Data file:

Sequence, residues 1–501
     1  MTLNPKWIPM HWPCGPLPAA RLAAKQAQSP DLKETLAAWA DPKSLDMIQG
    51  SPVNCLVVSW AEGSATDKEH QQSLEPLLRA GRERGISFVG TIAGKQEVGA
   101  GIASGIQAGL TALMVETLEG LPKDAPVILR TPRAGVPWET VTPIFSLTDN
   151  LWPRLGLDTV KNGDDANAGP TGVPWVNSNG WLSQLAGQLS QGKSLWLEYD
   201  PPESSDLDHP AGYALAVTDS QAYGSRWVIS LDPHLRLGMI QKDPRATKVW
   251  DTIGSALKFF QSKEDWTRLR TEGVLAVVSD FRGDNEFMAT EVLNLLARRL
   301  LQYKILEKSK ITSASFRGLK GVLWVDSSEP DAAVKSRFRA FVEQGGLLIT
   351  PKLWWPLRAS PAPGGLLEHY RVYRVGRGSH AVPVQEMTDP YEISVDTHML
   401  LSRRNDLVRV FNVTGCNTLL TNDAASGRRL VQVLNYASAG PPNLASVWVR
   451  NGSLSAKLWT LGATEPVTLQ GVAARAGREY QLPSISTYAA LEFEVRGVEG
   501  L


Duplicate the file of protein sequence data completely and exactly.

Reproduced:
Sequence, residues 1–501
     1  MTLNPKWIPM HWPCGPLPAA RLAAKQAQSP DLKETLAAWA DPKSLDMIQG
    51  SPVNCLVVSW AEGSATDKEH QQSLEPLLRA GRERGISFVG TIAGKQEVGA
   101  GIASGIQAGL TALMVETLEG LPKDAPVILR TPRAGVPWET VTPIFSLTDN
   151  LWPRLGLDTV KNGDDANAGP TGVPWVNSNG WLSQLAGQLS QGKSLWLEYD
   201  PPESSDLDHP AGYALAVTDS QAYGSRWVIS LDPHLRLGMI QKDPRATKVW
   251  DTIGSALKFF QSKEDWTRLR TEGVLAVVSD FRGDNEFMAT EVLNLLARRL
   301  LQYKILEKSK ITSASFRGLK GVLWVDSSEP DAAVKSRFRA FVEQGGLLIT
   351  PKLWWPLRAS PAPGGLLEHY RVYRVGRGSH AVPVQEMTDP YEISVDTHML
   401  LSRRNDLVRV FNVTGCNTLL TNDAASGRRL VQVLNYASAG PPNLASVWVR
   451  NGSLSAKLWT LGATEPVTLQ GVAARAGREY QLPSISTYAA LEFEVRGVEG
   501  L